With its first major use in battle during the Vietnam War, the helicopter ushered in a radically different way of fighting, despite its proven vulnerability to ground fire. Either delivering troops into hostile territory and removing them after the fighting ended, or armed with guns, grenade launchers, and rockets to provide rapid and wide-ranging air to ground support fire, the helicopter - available for the first time in sufficient numbers and capable of a wide range of missions - played a central role in the war. Presenting a concise history of the first ever major use of helicopters in battle, Gordon L. Rottman, a former Green Beret in Vietnam, describes in detail the development of the critical airmobile tactics that ultimately changed the way America fights its battles.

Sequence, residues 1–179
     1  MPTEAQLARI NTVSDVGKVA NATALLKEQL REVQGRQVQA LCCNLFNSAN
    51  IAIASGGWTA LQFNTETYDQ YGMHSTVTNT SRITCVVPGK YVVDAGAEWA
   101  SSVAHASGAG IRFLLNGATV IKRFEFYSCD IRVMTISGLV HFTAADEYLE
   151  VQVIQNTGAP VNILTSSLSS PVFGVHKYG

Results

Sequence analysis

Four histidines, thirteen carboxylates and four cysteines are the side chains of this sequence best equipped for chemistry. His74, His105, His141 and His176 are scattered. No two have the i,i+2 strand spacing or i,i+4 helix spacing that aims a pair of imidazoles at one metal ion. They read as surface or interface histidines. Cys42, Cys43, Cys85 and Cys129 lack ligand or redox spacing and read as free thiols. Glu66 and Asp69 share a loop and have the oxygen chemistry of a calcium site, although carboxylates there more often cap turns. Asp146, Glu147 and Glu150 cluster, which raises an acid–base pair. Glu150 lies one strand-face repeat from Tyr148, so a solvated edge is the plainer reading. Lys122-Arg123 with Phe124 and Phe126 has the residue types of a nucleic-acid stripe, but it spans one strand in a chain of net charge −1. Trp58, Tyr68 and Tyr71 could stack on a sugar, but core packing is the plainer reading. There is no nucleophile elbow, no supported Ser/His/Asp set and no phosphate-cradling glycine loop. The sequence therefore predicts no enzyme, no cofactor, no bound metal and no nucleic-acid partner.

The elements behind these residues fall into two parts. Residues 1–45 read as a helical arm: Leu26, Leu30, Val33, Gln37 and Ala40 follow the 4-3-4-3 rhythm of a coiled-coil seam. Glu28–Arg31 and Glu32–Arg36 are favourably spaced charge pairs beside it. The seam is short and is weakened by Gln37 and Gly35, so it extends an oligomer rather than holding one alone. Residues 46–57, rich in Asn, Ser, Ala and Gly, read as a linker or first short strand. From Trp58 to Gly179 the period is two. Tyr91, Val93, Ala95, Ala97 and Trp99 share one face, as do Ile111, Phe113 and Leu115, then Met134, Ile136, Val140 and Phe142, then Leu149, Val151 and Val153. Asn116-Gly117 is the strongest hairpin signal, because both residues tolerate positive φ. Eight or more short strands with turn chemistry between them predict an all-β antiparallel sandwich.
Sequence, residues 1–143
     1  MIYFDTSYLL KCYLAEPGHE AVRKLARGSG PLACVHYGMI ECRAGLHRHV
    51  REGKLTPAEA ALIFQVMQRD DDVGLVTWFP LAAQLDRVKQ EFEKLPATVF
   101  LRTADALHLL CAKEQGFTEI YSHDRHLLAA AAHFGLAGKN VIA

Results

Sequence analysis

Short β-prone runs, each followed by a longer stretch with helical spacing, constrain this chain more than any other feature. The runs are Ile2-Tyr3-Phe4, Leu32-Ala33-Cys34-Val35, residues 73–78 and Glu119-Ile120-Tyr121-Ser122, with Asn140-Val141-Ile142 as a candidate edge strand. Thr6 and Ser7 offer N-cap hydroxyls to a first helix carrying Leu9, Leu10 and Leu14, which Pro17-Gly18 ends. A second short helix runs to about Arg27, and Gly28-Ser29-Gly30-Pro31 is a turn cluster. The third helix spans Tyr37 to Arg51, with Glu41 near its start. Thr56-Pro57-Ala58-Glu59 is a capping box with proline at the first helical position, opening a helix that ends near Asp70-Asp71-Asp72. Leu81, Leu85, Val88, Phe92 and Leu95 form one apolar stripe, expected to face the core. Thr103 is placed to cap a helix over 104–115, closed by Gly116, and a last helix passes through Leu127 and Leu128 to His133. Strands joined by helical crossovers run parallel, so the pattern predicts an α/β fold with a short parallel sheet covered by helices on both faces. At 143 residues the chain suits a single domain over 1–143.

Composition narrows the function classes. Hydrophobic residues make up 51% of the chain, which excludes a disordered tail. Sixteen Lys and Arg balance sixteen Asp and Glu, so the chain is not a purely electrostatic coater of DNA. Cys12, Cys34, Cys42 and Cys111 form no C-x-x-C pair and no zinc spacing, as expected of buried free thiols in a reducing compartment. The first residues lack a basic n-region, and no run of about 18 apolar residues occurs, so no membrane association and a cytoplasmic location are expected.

Gordon L. Rottman entered the US Army in 1967, volunteered for Special Forces and completed training as a weapons specialist. He served in the 5th Special Forces Group in Vietnam in 1969-70 and subsequently in airborne infantry, long-range patrol and intelligence assignments until retiring after 26 years. He was a special operations forces scenario writer at the Joint Readiness Training Center for 12 years and is now a freelance writer, living in Texas. The author lives in Texas, USA.